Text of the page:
and to harvest fish in all usual and accustomed places. They are
rights that the Tribes have had and exercised since time
immemorial. In the Treaty, tribal ancestors reserved those
rights to ensure that the Tribe's future generations would be able
to maintain and exercise Tribal traditions and customs.
Reservation
Community
The Tulalip Indian Reservation and the Tribal and non-Tribal
members that live and/or work on it.
Runoff
The portion of rainfall, melted snow, or irrigation water that
flows across the ground surface - not infiltrating the soil or
evaporating.
Salish Sea
The historic tribal area of the Coast Salish peoples. The Salish
Sea Eco Region includes: The Strait of Georgia, Strait of Juan de
Fuca, and Puget Sound extending through what is now know as
British Columbia and Washington state. This inland seaway and
glacial-fed river drainage is one of the most diverse marine
ecosystems in the world.
Eco Region
Sheet Flow
A flow condition during a storm where the depth of stormwater
runoff is very shallow in depth and spread uniformly over the
land surface. Sheet flow conditions quickly change into
concentrated channel flow within several hundred feet.
Single-family
House
Houses on individual lots, each intended to be occupied by one
family.
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Stormwater
Water that runs off surfaces such as rooftops, paved streets,
highways, and parking lots. Stormwater can also come from hard
grassy surfaces like lawns, play fields, and from graveled roads
and parking lots.
Subdivision
The division of a lot, tract, or parcel into two or more lots.
Subdivision
Regulations
Regulations adopted by local ordinance which regulate the
division of land into building lots, which may include
requirements for streets, utilities, site design, procedures for
dedicating land for open space or for public purposes, and
prescribing procedures for review.
Tidelands
The beds and shores of navigable tidal waters lying between the
line of mean high tide and the line of extreme low tide.
Generally unvegetated area which is alternately exposed and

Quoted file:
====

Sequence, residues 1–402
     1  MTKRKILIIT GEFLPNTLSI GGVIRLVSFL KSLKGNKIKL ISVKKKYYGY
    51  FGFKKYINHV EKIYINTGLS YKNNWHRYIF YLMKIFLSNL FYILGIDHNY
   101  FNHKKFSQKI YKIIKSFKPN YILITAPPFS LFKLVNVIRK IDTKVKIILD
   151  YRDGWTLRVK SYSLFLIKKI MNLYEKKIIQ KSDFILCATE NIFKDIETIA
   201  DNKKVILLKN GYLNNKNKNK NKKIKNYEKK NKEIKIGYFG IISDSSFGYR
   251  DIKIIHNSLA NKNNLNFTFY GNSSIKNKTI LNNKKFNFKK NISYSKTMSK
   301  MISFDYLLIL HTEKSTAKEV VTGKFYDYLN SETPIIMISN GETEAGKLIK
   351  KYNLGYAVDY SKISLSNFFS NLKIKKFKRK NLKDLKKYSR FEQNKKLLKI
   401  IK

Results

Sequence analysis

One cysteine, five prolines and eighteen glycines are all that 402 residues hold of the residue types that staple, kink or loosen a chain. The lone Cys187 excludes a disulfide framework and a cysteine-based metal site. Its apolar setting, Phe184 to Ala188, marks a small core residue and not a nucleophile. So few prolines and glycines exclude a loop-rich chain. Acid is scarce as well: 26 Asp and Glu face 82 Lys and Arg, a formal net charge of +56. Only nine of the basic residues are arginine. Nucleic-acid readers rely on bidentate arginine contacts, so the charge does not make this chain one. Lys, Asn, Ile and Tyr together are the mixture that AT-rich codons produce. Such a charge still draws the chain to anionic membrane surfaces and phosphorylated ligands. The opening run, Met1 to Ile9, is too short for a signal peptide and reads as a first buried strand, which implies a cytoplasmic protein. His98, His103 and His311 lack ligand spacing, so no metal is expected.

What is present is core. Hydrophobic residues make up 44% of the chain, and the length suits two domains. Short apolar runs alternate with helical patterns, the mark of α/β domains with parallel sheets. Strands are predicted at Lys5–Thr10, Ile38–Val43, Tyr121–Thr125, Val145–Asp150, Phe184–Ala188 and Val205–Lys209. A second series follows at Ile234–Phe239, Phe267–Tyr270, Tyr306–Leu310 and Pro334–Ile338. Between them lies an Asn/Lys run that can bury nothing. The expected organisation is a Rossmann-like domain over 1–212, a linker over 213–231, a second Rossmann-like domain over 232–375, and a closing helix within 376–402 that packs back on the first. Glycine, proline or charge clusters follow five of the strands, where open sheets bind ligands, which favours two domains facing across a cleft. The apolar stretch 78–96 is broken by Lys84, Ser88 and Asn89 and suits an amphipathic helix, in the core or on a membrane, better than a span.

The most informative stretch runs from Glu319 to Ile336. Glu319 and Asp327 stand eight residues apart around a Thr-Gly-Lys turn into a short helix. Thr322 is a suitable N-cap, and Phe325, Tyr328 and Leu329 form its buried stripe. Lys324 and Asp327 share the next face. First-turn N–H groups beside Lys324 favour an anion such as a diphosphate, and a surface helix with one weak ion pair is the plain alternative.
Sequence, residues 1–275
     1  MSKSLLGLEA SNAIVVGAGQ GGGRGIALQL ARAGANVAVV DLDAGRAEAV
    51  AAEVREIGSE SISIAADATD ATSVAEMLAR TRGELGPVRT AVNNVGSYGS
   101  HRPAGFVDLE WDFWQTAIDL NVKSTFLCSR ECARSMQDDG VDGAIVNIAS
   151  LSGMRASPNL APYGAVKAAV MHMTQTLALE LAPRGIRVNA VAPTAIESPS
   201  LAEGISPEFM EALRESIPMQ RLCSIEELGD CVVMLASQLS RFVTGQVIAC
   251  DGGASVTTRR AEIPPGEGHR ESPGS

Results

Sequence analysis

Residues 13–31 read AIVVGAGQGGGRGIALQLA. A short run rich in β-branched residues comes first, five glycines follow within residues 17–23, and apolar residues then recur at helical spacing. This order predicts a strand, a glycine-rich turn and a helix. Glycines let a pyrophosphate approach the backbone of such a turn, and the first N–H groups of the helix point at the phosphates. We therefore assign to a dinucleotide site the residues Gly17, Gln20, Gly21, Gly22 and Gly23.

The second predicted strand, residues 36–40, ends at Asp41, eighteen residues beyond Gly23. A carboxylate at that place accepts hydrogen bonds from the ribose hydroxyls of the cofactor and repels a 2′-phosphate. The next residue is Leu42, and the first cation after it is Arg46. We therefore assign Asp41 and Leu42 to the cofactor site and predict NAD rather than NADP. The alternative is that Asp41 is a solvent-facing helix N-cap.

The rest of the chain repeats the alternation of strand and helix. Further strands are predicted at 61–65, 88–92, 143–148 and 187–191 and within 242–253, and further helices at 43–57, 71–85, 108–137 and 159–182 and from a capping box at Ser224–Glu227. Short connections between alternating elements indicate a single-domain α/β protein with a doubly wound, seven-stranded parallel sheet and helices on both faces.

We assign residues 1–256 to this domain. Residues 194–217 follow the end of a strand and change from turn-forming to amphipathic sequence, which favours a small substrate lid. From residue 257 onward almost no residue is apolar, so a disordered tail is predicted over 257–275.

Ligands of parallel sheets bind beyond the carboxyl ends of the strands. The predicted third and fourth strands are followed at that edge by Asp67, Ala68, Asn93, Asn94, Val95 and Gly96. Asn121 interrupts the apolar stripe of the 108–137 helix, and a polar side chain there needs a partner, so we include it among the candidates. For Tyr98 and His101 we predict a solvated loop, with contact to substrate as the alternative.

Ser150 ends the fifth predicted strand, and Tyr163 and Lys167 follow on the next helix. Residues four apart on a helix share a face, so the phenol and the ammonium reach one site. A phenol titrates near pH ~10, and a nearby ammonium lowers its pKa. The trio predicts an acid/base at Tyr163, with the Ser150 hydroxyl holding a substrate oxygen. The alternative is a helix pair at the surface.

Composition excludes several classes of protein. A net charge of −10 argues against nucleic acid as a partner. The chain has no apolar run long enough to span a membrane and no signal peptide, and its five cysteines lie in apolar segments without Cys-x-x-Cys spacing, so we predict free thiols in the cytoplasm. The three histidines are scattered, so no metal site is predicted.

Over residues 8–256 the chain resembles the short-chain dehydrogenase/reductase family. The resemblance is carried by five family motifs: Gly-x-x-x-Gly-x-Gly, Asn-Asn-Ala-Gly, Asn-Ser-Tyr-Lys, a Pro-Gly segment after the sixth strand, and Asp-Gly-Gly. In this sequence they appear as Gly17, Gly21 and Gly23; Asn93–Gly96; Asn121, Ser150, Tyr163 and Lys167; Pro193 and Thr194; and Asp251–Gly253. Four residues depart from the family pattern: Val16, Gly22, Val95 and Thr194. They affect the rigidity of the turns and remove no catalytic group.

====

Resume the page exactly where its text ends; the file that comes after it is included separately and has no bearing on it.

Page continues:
covered by the falling and rising of the tide.
Townhouse
Generally smaller than a single-family house, this dwelling is
part of a row or complex containing multiple townhouses of
similar design. Units consist of two or more floors, often with a
street-level garage. Each townhouse shares at least one wall with
neighbors, but has its own entrance and outdoor area. Owners
have title to--and pay property taxes on--their individual unit and
lot, as well as joint ownership of common areas and building
exteriors.
Trust Land
Indian land, the title to which is held in trust and protected by the
Federal government. Indian people and tribes have use of the
land, but ultimate trust responsibilities for of the land remains
with the Federal government.
Unbuildable
The portions of a development site where structures cannot be
located for physical, legal, or environmental reasons. (e.g.,
easements, open water, steep slopes, floodplains, wetlands and
stream buffers).
Uplands
Generally described as the dry land area above and landward of
mean high tide.
Watershed
See: Drainage Basin.
Wellhead
Protection Area
(WHPA)
Areas of land where human activities are regulated to protect the
quality of ground water that supplies public drinking water wells.
Wetland
An area inundated or saturated by ground or surface water at a
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frequency and duration sufficient to support, and that under
normal circumstances do support, a prevalence of vegetation
typically adapted for life in saturated soil conditions. Wetlands
generally include swamps, marshes, bogs, and similar areas
[U.S. Army Corps of Engineers Regulation 33 CFR 328.3
(1988)].
Category I
Wetlands
“Critical Value Wetlands” as described in the Tulalip Tribes
Zoning Ordinance (Ordinance #80).
Category II
Wetlands
“High Value Wetlands” as described in the Tulalip Tribes
Zoning Ordinance (Ordinance #80).
Category III
Wetlands
“Moderate Value Wetlands” as described in the Tulalip Tribes
Zoning Ordinance (Ordinance #80).
Workforce
All the people working or available to work, as in a nation,
company, industry, or on a project.